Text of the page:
KIGALI - This year’s international re-trainer conference of the Federal Bureau of Investigation National Academy Associates (FBINAA), kicked off, yesterday, in Kigali with calls for concrete strategies to combat global security threats.
Participants are particularly expected to devise mechanisms that would enhance cooperation and information sharing between security agencies across the world. The conference is meant for the Africa and Middle East Chapter.
The four-day meeting, the first of its kind in the East African Community (EAC), brings together graduates of the FBI academy from 22 African and Middle East countries.
Since the Associates inception in 1935, over 44, 000 students have graduated from the academy.
The re-trainer meeting will also affirm commitment towards a shared advocacy for peace and security in the Africa-Middle East regions and beyond.
“It is only through global cooperation that we can defeat crimes, in general, and terrorism, in particular, in maintaining our security and defending our freedoms,” said the Minister of Internal Security Musa Fazil Harelimana, while officially opening the conference.
“Cooperation among jurisdictions and timely information exchange are important to fight against trans-national crimes. To steer ahead of such challenges, we need to help each other prevent criminals from criss-crossing between regions; more precisel, we need to cross-check the cooperation among law enforcement agencies to counter trans-nation crimes effectively”.
The minister reaffirmed Rwanda’s commitment to law enforcement missions, citing the participation of the national police in international policing issues.
Last year, the UN gave medals to Rwandan police officers, who had completed their peacekeeping mission in Darfur (UNAMID), for their outstanding operation.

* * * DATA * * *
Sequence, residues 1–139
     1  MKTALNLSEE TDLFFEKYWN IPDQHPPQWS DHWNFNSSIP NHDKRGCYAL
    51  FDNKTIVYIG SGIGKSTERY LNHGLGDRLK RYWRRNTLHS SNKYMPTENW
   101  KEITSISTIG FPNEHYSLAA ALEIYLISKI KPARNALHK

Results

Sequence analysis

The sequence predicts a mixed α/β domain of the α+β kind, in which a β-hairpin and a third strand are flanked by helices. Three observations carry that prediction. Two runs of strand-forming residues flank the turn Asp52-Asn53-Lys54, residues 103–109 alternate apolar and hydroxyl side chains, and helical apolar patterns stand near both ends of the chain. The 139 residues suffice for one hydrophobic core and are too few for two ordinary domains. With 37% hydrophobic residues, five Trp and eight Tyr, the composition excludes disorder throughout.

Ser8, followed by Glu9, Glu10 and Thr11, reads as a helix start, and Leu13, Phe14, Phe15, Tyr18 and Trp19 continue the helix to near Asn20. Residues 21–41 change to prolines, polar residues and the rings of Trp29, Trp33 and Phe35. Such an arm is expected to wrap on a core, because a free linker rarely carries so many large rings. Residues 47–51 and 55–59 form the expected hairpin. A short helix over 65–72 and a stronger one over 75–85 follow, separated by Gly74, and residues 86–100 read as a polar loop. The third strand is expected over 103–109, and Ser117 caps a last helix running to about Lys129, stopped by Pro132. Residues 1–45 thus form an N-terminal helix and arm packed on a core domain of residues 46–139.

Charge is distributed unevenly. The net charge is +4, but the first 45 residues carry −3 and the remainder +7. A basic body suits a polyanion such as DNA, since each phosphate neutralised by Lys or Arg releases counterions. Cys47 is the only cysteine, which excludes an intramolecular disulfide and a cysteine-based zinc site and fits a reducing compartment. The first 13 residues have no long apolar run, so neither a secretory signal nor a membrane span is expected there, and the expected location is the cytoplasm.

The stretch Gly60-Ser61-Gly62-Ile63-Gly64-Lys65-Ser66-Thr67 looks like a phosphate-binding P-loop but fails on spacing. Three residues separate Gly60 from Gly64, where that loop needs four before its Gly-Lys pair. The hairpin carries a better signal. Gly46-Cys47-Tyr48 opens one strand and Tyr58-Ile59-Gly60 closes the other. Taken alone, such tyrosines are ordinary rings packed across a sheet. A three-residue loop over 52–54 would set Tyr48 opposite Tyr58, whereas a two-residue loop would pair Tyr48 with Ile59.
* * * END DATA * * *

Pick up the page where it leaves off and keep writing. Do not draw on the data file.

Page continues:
Harelimana commended FBINAA for bringing what he termed as “important re-trainer event” to Rwanda, saying it signifies “your confidence in Rwanda as a good host, as well as your recognition of our cooperation efforts in policing matters”.
Rwanda currently holds the chair of the Africa-Middle East chapter, with CIP Ismael Baguma, serving as the group’s president. Baguma is one of the three Rwandans who graduated from the US academy.
The US Ambassador to Rwanda, Stuart Symington, appealed to graduates of the academy to use the acquired skills to form ties of professional interdependence.
“It takes a village to raise a child. That child is liberty, freedom, justice and that village is the world. All we can do is to join hands together help that village…filled with the obstacles that life will put in our way by evil men and women who seek to keep us from those high goals,” said Symington.
Matthew A. Raia, the president of FBINAA, said that the educational goals for the coming years will include cooperation and leadership with the United Nations Human Trafficking Unit, Interpol and other law enforcement agencies, worldwide, to launch a new human trafficking centre through the FBINAA to create and foster a 24/7 worldwide human trafficking coordination and fusion centre.
Joseph M. Demarest, the Assistant Director of the Federal Bureau of Investigation (FBI), observed that no single agency or country can unilaterally defeat international security threats.